The Disney film “The Little Mermaid” is considered a classic of the animated genre, and there are plenty of reasons why.
The movie was the first Disney movie to be released in color and feature real-life animals, including the mermaid Ariel.
And it was the movie that inspired the idea of a toddler’s ability to identify with the sea creatures.
“The idea of this film is a very simple one,” says Linda Lefebvre, the director of research at the National Geographic Society, which promotes exploration of natural and cultural heritage.
“If you watch it, you get this sense of how you can relate to the animals and how they feel about us.”
In fact, Disney’s animators were trying to create a new way of creating the story of a mermaid.
In the film, a merwoman named Ariel meets a young boy named Prince Eric who wants to become a merman, a male member of the sea.
He eventually joins forces with his sea-going brother, the merwoman, and they set out to sail across the ocean to find a magical treasure.
Ariel is initially skeptical about Eric’s plan, but eventually trusts him.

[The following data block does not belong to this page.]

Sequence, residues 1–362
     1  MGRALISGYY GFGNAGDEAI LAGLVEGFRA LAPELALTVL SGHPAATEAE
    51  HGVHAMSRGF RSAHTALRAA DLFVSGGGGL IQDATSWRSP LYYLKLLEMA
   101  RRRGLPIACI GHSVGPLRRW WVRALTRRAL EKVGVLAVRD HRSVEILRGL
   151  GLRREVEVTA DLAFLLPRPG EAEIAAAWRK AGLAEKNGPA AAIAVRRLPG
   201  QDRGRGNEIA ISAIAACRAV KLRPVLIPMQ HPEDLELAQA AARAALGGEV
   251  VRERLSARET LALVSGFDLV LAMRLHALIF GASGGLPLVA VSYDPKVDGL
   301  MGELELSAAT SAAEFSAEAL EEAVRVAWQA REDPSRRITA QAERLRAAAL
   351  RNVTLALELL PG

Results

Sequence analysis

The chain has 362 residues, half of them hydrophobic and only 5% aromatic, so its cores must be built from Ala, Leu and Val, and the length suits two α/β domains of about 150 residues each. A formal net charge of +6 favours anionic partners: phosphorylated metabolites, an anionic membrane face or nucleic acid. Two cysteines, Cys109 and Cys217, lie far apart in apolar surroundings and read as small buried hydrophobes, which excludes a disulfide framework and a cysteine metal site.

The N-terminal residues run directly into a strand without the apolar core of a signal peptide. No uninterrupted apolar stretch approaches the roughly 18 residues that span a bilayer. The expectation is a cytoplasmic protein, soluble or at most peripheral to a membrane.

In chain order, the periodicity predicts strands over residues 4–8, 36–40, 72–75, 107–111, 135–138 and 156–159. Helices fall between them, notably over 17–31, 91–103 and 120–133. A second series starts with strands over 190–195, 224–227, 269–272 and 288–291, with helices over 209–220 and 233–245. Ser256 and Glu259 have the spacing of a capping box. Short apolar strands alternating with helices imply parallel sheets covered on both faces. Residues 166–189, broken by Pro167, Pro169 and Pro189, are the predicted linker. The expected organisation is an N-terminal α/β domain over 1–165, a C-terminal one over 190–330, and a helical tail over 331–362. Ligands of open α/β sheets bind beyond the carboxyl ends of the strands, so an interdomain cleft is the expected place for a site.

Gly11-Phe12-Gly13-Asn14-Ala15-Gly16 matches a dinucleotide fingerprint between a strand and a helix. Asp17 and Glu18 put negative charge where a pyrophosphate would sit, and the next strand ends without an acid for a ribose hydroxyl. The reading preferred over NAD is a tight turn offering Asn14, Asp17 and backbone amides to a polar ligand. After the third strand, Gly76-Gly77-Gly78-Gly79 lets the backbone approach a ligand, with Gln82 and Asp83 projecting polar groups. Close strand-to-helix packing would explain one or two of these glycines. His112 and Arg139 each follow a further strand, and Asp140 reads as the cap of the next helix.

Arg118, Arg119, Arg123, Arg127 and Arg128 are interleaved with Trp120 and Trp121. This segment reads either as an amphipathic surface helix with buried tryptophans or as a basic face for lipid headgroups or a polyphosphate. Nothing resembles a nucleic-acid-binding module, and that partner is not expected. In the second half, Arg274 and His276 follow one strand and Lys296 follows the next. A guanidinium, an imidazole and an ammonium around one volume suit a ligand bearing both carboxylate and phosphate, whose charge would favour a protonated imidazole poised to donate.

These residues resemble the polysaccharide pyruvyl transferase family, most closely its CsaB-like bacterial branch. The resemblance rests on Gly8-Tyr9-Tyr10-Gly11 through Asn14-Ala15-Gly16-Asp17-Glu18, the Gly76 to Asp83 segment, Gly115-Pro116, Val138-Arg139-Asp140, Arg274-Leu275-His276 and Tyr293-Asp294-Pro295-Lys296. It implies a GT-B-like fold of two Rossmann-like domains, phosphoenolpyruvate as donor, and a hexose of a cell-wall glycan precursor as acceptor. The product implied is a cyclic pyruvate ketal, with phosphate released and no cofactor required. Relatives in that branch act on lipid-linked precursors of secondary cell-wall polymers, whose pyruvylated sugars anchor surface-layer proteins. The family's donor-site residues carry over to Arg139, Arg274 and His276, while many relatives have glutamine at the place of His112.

She joins him on his quest and helps him find the treasure.
Disney also uses real animals in “Beauty and the Beast,” which features a sea creature called Belle.
Disney said in an online statement that the animators wanted to use real animals because “in the film Belle and Prince Eric are a young and naive pair of mermaids who must overcome their fears and make the impossible journey to find the magical treasure.”
Disney says the characters in the film have “deeply human qualities and traits,” and Disney says the merfolk are “born to live in the sea.”
The film also has a real-world theme, with mermaid princess Ariel and the merman Eric joining forces with merpeople from around the world.
Disney says it wanted to show the importance of international cooperation in its quest to find its treasure.
“Ariel’s relationship with the merpeople is a love-affair between two human beings,” says Lefegvre.
“It is not something we’re talking about in terms of magic or science.
It’s not a fantasy.
It is a genuine love story.
It really is a wonderful love story.”
Disney’s decision to use actual merpeople to illustrate the story helped to create the idea that “mermaids are part of the world and the sea,” said John Osterman, director of the National Museum of Natural History, who is a Disney fan.
Disney said that Ariel and Eric will eventually become “the merwomen of the seas,” and they’ll help to discover the treasure in the deep.
They’ll then return to their home and explore the island kingdom of Arendelle, which is located in the fictional kingdom of Islay, Scotland.